Five Projects Receive ASLA Design Recognition
We were honored for outstanding design work by the Great Plains Chapter American Society of Landscape Architects (ASLA). Projects recognized for design excellence include: Porter-Leath Early Childhood Academy in Memphis, Tennessee with an Award of Excellence; Deadwood Alive in Deadwood, South Dakota a Merit Award; and Pracht Wetlands Park in Wichita, Kansas, the Flint Hills Nature Trail in Eastern Kansas, and our in-house Design Residency Video all received an Honor Award!
The Porter-Leath Early Childhood Academy – receives an award of excellence for integration of its site design with the built environment to support the concurrent delivery of both child care and education. Creation of this unique, outdoor, and age appropriate learning environment serves 224 children six weeks to five years, and provides 35,760 SF of play area for engaging with the outdoors in a safe environment. The center is a promising model for optimizing learning during the vital early years. Learn more about this project.
Deadwood Live – recognized as a Merit award winner, this project is a collaborative process including the citizens of Deadwood, the Deadwood revitalization committee, and the consultants to develop program and design concepts for public gathering spaces in Downtown Deadwood. From the study came several basic conclusions; the center of Deadwood is more than the historic segment of Main Street, Deadwood has a sequence of public spaces, each with special attributes and actual or potential roles in the fabric of the City, and community investment in public spaces should serve both community and visitor needs.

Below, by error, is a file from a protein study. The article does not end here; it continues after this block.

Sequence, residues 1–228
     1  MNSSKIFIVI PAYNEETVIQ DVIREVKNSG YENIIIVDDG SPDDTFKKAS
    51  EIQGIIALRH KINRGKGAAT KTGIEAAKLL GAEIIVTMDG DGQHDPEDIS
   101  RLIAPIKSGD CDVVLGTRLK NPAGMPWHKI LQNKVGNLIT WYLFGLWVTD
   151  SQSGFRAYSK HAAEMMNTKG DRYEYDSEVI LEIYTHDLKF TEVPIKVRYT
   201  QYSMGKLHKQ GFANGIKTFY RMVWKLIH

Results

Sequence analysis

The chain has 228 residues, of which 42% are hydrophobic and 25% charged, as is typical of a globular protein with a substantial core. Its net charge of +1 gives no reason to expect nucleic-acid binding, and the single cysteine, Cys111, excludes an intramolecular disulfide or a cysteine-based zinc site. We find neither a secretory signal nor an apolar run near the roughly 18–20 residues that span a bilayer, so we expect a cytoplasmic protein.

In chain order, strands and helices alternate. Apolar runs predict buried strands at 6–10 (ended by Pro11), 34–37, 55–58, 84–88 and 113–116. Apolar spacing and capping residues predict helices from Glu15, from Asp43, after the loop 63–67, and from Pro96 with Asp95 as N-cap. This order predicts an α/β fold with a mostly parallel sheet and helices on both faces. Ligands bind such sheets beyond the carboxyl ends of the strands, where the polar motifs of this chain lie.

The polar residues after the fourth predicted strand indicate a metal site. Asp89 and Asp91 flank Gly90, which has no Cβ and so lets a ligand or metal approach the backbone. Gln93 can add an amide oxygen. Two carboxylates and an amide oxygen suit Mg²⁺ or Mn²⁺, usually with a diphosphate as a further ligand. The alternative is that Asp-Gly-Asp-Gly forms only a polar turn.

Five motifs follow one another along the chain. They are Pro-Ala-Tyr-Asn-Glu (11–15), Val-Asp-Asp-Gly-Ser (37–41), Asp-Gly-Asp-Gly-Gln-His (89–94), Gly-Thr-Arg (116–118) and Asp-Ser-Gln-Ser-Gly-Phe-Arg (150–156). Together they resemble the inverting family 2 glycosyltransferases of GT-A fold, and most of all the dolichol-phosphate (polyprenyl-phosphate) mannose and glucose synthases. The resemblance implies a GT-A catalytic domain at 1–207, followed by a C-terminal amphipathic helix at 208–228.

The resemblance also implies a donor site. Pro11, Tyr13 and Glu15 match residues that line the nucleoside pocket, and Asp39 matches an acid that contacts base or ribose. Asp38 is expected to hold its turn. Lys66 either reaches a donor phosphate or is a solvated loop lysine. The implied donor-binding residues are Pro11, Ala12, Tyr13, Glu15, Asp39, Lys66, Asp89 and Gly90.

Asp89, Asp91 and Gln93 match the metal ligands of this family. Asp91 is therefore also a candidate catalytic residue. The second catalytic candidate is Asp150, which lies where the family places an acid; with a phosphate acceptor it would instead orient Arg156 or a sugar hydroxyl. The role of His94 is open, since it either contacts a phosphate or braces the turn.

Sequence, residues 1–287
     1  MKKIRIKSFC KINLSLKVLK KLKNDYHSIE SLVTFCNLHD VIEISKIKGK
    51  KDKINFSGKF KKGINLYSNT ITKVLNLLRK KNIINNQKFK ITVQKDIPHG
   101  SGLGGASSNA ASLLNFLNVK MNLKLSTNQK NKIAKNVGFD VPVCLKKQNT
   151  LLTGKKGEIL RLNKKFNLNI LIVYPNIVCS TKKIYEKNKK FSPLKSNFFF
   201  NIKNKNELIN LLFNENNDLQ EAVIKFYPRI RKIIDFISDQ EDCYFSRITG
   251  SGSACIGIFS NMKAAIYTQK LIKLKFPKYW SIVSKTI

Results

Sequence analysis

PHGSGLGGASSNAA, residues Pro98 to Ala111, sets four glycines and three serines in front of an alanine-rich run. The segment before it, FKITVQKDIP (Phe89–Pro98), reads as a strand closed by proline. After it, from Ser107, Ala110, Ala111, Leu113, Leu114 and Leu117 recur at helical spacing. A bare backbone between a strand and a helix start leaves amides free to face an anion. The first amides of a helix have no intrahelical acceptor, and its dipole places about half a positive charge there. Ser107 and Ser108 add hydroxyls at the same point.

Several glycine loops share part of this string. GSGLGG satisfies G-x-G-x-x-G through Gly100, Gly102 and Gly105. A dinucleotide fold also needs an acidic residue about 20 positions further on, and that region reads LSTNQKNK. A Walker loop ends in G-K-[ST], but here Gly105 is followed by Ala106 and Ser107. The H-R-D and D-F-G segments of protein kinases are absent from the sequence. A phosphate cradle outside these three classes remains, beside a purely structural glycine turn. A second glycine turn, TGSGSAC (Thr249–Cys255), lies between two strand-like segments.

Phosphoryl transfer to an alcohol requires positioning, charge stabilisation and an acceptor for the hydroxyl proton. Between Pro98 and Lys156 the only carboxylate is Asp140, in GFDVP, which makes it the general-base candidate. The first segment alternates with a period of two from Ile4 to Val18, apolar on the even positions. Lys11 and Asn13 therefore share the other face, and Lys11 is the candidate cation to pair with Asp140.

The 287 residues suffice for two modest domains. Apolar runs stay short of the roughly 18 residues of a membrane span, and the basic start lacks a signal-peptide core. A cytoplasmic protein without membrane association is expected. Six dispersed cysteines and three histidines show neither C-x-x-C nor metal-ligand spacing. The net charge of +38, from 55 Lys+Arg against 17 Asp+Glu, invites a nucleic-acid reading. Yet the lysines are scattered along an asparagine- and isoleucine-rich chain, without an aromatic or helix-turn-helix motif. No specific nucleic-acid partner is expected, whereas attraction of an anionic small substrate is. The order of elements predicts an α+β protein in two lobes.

Parks, Recreation and Wetlands Environments:
Pracht Wetlands Park in Wichita, Kansas, an honor award recipient, is designed to flip a severely human-altered playa wetland from a duck hunting venue into an eco-sensitive urban wetland park. It will increase wetland awareness and appreciation through the development of minimally invasive, flood resilient boardwalk, while also improving water quality entering and exiting the wetlands through innovate stormwater facilities. Within the overlooks, and along the boardwalk, visitors may stop to read passages of literature and quotations about water. Excerpts from a book entitled “Deep Immersion: The Experience of Water,” set the tone and make the emotional connection to water. The quotations establish another rhythm along the walk to lead the visitor to the destination overlooks.
Flint Hills Nature Trail in Eastern Kansas, is a master plan resulting from months of discussions, public input meetings, and design sessions, directed to making the Flint Hills Nature Trail one of our nation’s best trails. We worked with CFS Engineers, to develop a master plan that includes signage design, trailhead location and design, and base-level interpretation for the trail that runs on a former rail line, by breaking the 120-mile trail into a series of interpretive rooms. Each room is based on an important theme in that region, whether it is historical significance, natural landform, or cultural identity. The master plan recommends a consistent sign aesthetic which can be customized for each “room,” essentially breaking the long trail into a series of smaller trails that can be “owned” by the surrounding community.
The Design Residency Video, titled “My Park Is …” is a piece of visual communication which came out of our 2012 Design Residency – an event where students and practitioners from varying disciplines work hand-in-hand to re-imagine their world through a process that is founded upon collaboration, community and multi-disciplinary design. While the video starts out as a succinct summary of student thoughts, it ended up shaping the direction of Iowa’s state park system, used as a tool to showing how inspiration can shape policy and funding. To learn more about the Residency Video